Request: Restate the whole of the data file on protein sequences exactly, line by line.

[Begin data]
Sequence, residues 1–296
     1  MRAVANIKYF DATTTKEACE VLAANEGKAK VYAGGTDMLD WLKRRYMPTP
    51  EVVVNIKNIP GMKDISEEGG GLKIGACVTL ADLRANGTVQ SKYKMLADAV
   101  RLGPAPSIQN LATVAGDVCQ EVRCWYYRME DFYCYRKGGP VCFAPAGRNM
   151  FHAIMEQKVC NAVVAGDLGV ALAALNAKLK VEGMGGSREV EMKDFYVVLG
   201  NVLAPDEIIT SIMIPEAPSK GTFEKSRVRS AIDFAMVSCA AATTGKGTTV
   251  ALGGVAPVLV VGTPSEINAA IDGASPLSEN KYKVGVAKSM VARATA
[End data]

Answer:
Sequence, residues 1–296
     1  MRAVANIKYF DATTTKEACE VLAANEGKAK VYAGGTDMLD WLKRRYMPTP
    51  EVVVNIKNIP GMKDISEEGG GLKIGACVTL ADLRANGTVQ SKYKMLADAV
   101  RLGPAPSIQN LATVAGDVCQ EVRCWYYRME DFYCYRKGGP VCFAPAGRNM
   151  FHAIMEQKVC NAVVAGDLGV ALAALNAKLK VEGMGGSREV EMKDFYVVLG
   201  NVLAPDEIIT SIMIPEAPSK GTFEKSRVRS AIDFAMVSCA AATTGKGTTV
   251  ALGGVAPVLV VGTPSEINAA IDGASPLSEN KYKVGVAKSM VARATA